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Enough of the doom already

December 12, 2011 3 comments

A couple of weeks ago, a blogger at ReadWriteWeb wrote about the demise of Mozilla and Firefox, claiming that the loss of market share and lack of availability on mobile devices — and the departure of Google sponsorship — could lead to Mozilla’s downfall.

Like lemmings, other tech commentators followed along with the same message: Firefox? Stick a fork in it.

SCALE 10XLast week, Hewlett-Packard decided to give WebOS its freedom. Apparently, they let it into the FOSS wild without as much as a peanut butter and jelly sandwich. But HP’s intention, I hope, is that they’d like developers to flock to it and help this Linux-based operating system achieve its true potential.

Cue the lemmings again: Most of those providing the tech commentary around this development in opening WebOS have been tripping over themselves to strangle WebOS in the proverbial cradle. Or, as they say in sports circles, they’re risking injury by jumping on the bandwagon.

But while some tech commentators are locked in a battle to the death to see which of them can bury both Mozilla and WebOS — especially WebOS — the deepest, allow me to point out something they might have overlooked: Firefox is still going strong, despite losing market share (and, were I a gambling man, I’d bet that Google stays the course with Mozilla sponsorship despite having their own browser) AND, under better conditions than are currently available to it (and conditions that can be altered and goals achieved), WebOS might just have a shot surviving in the FOSS wilderness as a sort of Davy Crockett of Linux.

You know, kids: Davy Crockett. King of the wild frontier? OK, look him up on Wikipedia.

In any case, I’m going to let Joe “Zonker” Brockmeier drive here, explaining why Mozilla is not on the way out. Brockmeier concludes in his post:

“Even if Firefox remains third in the market, that’s a far cry from “doomed.” We’ve come a long way from a Web that is hostile to any browser that isn’t Microsoft Internet Explorer. Firefox can easily thrive with 20 percent of the market. But I wouldn’t count Team Mozilla out just yet, and though I’ve had my share of frustrations with Firefox I’m not ready to throw in the towel. When you look at the major players here, Mozilla is the only organization that’s I fully trust with my data and a commitment to the open Web. If Firefox is doomed, I’m afraid that would not say a great deal for the future of the Web.”

Which brings us back to the peanut butter and jelly sandwich, er . . . I mean, WebOS.

Let’s go back a bit to square one: After blunders (yes, blunders, plural) of historic proportions this year around their hardware from which they can hopefully recover, open-sourcing WebOS is probably the only thing that HP could have done to save it, and in typical 2011 HP fashion, they fumbled that. That ball is still rolling on the ground.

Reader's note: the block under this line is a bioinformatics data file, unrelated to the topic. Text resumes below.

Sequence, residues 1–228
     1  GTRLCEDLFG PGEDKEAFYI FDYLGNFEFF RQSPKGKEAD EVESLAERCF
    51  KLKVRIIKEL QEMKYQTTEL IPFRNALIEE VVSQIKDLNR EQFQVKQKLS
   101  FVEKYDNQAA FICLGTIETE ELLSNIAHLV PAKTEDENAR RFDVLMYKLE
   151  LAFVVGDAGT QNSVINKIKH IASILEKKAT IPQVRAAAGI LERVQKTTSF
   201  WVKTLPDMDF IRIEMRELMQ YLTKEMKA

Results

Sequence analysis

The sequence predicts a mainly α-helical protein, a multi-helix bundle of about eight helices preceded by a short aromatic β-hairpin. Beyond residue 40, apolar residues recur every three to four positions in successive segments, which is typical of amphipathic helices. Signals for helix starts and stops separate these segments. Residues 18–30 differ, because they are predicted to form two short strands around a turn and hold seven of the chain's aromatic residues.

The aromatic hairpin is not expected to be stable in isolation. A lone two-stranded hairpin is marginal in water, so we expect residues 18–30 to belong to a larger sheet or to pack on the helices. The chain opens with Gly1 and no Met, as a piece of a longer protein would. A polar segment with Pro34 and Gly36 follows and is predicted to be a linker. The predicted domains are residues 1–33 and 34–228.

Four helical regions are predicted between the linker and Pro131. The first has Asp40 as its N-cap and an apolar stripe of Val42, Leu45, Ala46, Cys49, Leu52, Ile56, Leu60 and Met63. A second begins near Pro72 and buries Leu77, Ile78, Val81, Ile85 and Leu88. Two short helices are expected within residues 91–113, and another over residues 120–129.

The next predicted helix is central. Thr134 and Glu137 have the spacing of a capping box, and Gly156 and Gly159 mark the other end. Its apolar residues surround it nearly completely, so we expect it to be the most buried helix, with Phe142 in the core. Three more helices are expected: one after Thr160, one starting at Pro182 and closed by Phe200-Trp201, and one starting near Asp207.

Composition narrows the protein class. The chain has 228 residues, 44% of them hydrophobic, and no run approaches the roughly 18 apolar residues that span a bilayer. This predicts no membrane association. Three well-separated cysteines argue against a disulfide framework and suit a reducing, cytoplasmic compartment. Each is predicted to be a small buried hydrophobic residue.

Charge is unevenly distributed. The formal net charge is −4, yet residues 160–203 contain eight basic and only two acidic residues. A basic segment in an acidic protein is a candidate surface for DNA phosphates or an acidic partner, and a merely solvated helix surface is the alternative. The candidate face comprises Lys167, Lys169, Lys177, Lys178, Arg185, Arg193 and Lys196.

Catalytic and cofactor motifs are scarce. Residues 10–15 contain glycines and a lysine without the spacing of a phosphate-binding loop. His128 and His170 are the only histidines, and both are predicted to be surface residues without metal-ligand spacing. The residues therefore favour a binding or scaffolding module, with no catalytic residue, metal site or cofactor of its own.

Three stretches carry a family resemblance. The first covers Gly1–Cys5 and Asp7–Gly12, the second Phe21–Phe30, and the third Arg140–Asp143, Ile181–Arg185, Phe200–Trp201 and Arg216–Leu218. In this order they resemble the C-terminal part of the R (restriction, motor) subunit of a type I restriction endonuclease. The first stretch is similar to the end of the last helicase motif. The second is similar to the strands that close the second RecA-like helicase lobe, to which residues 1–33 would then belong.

If — and this is an enormous IF — a community grows around what had been established around WebOS when it started, clearly they’ll have faster development than if they were developing in-house, which obviously is how things in open source work. So from an HP standpoint, that’s a good call. Of course, they could have made this transition a lot more smoothly, but it’s out there now. Arguably, WebOS advocates could be facing the digital equivalent of executing a “Hail Mary” pass to bring back the operating system, but it can be done. Ask Roger Staubach or Doug Flutie (and as a University of Miami Hurricane, bringing up the latter is painful)

I have used WebOS on a Palm Pre 2 while I had it, and I liked it. HP had planned to put WebOS on consumer hardware before, well, you know what happened there. I even went as far as to download the WebOS SDK, which I found my way around fairly easily.

I certainly don’t have the developer skills to do anything other than simple things to make me go, “hmmm.” But others do — some who might benefit from wanting to take this program from certain death at the hands of digital scribes and bring it back. The task ahead of them is herculean, but not impossible.

So in my book, rumors of WebOS’ demise are somewhat exaggerated.

(Larry Cafiero is one of the founders of the Lindependence Project and has just started developing software in his new home office. Watch this space.)

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Getting out the vote

August 30, 2011 Leave a comment

Yes, I know LinuxCon has come and gone, and I think they’ve got the publicity thing covered, especially with the 20-year thing, the gala party, and with Linus being there and all. The buzz is still going, and that’s good. But if you’re going to a Linux show, make it the Ohio LinuxFest in September. Bradley Kuhn and Cathy Malmrose are keynoting — along with Jon “maddog” Hall — so you’ll not want to miss that (especially Cathy — Go ZaReason!).

With the upcoming deadline for the Linux Journal Readers’ Choice 2011 Awards upon us — it closes this Saturday — other bloggers have been been taking to beating the drum and holding the phone for their favorites.